In this Employment Appeal Tribunal (EAT) decision, the EAT upheld the original tribunal decision that an employee had been subjected to direct discrimination on grounds of his age when his employer had dismissed him after 30 years’ service just before his 50th birthday in order to avoid his becoming entitled to the enhanced early retirement benefits that would have applied from age 50.
The tribunal concluded that the employer’s motivation for declining to redeploy Mr Wooster or to extend his employment by seconding him was based on a desire to terminate his employment before he reached age 50. While the EAT agreed with the Council that it would have been acting outside its powers had it retained Mr Wooster past age 50 simply so he could collect his enhanced pension, it upheld the tribunal’s decision that direct discrimination on grounds of age had occurred as Mr Wooster’s entitlement to pension had been taken into account in the application of the Council’s redundancy and redeployment policy. The correct way to assess whether age discrimination had occurred was by reference to a hypothetical comparator of a different age.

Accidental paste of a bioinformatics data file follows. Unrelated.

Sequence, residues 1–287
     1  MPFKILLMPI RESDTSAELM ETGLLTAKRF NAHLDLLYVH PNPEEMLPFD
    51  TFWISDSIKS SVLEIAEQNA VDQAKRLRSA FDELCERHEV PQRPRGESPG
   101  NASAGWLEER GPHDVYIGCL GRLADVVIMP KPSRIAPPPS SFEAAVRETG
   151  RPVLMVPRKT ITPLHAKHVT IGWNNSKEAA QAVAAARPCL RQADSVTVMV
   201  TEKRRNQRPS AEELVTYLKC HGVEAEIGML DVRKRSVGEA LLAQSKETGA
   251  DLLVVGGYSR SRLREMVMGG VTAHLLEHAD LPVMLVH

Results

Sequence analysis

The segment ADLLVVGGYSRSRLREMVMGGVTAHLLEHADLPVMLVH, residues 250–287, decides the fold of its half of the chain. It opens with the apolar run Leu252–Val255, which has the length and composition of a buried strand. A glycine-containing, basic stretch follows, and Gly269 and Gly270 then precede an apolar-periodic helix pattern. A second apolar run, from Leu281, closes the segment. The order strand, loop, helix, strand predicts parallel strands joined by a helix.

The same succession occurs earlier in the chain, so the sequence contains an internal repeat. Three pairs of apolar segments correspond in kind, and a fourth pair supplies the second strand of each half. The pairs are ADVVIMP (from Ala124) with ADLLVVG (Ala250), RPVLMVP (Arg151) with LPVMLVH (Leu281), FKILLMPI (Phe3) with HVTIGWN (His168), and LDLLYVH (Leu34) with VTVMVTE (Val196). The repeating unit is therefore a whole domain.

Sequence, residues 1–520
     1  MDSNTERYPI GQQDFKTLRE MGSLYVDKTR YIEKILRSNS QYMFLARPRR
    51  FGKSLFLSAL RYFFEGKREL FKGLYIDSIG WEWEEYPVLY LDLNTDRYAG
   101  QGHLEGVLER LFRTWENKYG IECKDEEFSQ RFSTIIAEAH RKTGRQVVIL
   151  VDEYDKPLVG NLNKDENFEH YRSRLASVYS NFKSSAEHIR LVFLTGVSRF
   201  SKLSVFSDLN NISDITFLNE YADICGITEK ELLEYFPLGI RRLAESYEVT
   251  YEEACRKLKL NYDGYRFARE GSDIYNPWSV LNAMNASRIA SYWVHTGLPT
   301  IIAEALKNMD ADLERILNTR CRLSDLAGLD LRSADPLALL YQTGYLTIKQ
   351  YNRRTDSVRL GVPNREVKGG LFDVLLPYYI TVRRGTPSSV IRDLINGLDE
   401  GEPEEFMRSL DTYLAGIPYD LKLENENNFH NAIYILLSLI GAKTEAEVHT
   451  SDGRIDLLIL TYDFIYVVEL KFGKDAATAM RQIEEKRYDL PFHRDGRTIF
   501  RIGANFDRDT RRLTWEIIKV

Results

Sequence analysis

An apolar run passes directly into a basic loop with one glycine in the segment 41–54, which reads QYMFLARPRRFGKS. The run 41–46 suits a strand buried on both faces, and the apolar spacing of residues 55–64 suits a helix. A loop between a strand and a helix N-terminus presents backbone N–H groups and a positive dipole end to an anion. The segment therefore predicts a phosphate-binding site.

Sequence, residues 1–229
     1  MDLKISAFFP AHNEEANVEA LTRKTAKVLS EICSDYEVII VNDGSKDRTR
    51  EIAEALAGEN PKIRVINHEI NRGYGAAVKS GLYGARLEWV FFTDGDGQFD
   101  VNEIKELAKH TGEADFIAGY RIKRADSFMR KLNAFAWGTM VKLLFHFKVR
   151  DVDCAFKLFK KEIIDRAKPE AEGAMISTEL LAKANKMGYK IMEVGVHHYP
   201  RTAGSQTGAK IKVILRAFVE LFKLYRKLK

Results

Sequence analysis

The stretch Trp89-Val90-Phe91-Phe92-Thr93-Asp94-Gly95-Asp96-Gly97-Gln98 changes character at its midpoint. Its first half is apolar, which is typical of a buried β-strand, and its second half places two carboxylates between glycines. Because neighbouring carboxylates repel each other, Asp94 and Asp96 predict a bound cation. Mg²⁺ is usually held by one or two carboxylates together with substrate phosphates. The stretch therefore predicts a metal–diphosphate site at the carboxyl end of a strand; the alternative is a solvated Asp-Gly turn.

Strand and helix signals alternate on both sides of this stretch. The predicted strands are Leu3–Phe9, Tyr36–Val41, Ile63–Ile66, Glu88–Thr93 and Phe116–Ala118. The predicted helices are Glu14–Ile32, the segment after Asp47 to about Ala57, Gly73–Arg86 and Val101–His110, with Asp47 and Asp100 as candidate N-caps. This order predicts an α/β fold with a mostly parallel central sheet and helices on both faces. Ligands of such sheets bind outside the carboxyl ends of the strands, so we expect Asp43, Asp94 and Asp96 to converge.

Comment: employment law cases are of interest as the factors taken into account by both the tribunal and the EAT are also relevant in relation to age discrimination in pensions cases. Employers should be aware that age discrimination claims may arise where defined benefit pension schemes are involved and that the damages for successful age discrimination claims are not subject to any limit.
View the decision.